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Friedreich Ataxia and nephrotic syndrome: a series of two patients

  • Julianna E. Shinnick1,
  • Charles J. Isaacs1,
  • Sharon Vivaldi2,
  • Kimberly Schadt1 and
  • David R. Lynch1, 3Email author
BMC Neurology201616:3

https://doi.org/10.1186/s12883-016-0526-2

Received: 17 September 2015

Accepted: 5 January 2016

Published: 12 January 2016

Abstract

Background

Friedreich Ataxia (FRDA) is a neurodegenerative disorder characterized by gait and balance abnormalities, sensory loss, weakness, loss of reflexes, and ataxia. Previously, two cases of FRDA and Nephrotic Syndrome (NS) have been reported. Here we report two additional individuals with NS and FRDA, providing further evidence for a possible connection between the two diseases and focusing on the neuromuscular responsiveness of one individual to corticosteroid treatment, an effect not previously described in FRDA.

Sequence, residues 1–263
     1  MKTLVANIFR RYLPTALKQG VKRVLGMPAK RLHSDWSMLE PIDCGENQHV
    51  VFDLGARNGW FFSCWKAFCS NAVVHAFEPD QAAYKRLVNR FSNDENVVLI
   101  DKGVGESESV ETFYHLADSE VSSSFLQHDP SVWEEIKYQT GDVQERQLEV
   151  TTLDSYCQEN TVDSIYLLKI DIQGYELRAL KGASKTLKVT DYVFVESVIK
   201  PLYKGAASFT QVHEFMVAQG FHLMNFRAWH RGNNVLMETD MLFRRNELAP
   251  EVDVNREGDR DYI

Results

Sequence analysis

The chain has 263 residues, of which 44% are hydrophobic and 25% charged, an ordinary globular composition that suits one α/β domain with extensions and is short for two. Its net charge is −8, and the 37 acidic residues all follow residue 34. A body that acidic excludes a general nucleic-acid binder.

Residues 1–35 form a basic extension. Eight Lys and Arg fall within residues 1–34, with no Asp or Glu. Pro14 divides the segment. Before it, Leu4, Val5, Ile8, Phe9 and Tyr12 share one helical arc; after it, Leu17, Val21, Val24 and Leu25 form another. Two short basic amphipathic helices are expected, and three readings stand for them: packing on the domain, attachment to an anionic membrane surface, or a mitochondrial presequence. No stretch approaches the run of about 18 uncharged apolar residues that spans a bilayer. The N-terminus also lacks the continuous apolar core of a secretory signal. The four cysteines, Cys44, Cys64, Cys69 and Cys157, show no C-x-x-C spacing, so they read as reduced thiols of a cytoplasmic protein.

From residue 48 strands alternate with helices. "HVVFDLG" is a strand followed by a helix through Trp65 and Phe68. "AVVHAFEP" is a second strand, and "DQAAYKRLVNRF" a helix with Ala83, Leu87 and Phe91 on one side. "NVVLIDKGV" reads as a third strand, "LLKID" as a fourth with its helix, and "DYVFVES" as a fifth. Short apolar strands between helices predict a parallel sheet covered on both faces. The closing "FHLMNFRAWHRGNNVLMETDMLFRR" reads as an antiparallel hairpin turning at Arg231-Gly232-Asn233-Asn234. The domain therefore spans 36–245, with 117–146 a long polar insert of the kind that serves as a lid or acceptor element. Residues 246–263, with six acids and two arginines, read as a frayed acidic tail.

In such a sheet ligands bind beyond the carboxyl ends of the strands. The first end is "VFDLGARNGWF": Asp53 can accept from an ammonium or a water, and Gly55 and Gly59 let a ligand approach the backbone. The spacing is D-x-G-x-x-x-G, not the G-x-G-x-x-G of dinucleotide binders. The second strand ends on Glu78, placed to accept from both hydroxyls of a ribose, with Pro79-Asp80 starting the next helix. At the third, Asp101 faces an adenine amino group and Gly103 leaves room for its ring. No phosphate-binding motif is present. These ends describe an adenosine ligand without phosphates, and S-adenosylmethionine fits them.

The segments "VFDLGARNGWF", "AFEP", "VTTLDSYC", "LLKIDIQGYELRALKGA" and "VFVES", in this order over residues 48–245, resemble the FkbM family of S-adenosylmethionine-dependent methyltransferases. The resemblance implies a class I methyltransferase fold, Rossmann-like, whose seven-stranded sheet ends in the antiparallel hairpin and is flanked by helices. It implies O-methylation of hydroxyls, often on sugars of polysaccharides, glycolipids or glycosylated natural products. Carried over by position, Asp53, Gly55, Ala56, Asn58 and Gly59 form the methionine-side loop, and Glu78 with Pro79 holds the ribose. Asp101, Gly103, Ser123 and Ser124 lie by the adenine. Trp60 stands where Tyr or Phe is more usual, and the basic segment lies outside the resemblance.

Case presentations

We describe two patients with FRDA also presenting with NS. The first patient was diagnosed with FRDA at age 5 and NS at age 7 following the development of periorbital edema, abdominal swelling, problems with urination, and weight gain. The second patient was diagnosed with NS at age 2 after presenting with periorbital edema, lethargy, and abdominal swelling. He was diagnosed with FRDA at age 10. Nephrotic syndrome was confirmed by laboratory testing in both cases and both individuals were treated with corticosteroids.

Conclusions

Nephrotic syndrome may occur in individuals with FRDA, but was not associated with myoclonic epilepsy in our patients as previously described. It is unlikely that this association is coincidental given the rarity of both conditions and the association of NS with mitochondrial disease in model systems, though coincidental coexistence is possible. One patient showed neurological improvement following steroid treatment. Although neurological improvement could be attributed to the treatment of NS, we also identified some degree of steroid responsiveness in a series of patients with FRDA but without NS.

Keywords

Friedreich Ataxia Nephrotic Syndrome Steroid

Background